(Bloomberg) -- European Union member states will make a new push Wednesday to win agreement on the bloc’s strictest ESG law this week in a last-minute deal aimed at bypassing German objections.

Belgium, which holds the EU’s rotating presidency, said that ambassadors will seek to approve a plan that would require firms to screen value chains for environmental and human rights abuses, according to a post on X. Adding the debate to Wednesday’s meeting agenda is a sign of optimism a qualified majority of member states are ready to support the deal, which was brokered with the European Parliament last year.

Germany, which blocked the deal earlier this month, has given no indication that it has changed its stance. But Italy, another holdout, may now support the deal, people familiar with the matter said. In exchange, Rome is seeking changes to rules governing packaging and packaging waste that have been the subject of fierce pushback by the country’s recycling lobby, they added.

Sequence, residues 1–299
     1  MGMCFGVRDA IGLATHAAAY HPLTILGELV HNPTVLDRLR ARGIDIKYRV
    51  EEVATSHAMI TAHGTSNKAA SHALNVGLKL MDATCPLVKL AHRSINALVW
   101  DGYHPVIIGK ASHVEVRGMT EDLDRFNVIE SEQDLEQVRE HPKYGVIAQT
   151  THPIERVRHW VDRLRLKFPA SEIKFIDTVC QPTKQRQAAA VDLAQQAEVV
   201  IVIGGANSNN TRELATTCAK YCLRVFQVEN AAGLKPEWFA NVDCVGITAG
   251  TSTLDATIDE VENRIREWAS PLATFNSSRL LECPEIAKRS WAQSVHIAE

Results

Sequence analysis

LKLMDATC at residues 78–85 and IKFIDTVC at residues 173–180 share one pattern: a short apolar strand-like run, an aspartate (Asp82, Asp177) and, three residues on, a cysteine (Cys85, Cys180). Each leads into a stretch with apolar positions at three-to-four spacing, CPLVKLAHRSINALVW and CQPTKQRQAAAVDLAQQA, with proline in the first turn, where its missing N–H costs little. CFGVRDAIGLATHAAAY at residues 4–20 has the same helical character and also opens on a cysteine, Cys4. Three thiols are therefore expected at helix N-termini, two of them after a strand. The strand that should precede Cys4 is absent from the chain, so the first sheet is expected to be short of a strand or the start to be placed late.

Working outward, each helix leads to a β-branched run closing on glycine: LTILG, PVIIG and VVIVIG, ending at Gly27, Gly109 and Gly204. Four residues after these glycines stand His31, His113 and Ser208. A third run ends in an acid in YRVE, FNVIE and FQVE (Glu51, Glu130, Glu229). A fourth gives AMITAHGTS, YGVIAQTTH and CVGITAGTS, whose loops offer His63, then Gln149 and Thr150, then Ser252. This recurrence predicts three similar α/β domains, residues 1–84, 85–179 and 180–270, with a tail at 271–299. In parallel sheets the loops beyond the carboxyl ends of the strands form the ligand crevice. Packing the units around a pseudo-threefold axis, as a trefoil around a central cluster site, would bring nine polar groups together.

Read more: German Split Coalition Forces EU to Delay Toughest ESG Law

A number of smaller countries would then be expected to support the deal, meaning a qualified majority could be reached even without Berlin’s support. Lawmakers in parliament still need to officially back the deal. Negotiations are ongoing, one of the people said.

Approval by member states would be a remarkable turnaround for a law that was on life-support after Germany’s Free Democrats, a business-friendly coalition member, refused to back the deal because of what it characterized as too much red tape for its companies. EU laws need to be finalized ahead of the European elections, which are scheduled to take place between June 6-9.

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